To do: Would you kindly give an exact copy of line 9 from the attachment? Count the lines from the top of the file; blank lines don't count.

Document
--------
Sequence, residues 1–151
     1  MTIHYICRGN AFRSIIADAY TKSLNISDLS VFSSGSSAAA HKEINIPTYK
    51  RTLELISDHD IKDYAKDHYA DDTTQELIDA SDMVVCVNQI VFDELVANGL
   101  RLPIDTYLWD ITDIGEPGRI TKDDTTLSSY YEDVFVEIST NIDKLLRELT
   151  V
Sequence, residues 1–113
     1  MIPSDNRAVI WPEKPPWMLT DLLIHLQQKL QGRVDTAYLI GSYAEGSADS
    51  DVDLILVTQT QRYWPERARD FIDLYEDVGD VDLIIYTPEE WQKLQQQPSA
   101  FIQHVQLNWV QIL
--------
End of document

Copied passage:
   101  FIQHVQLNWV QIL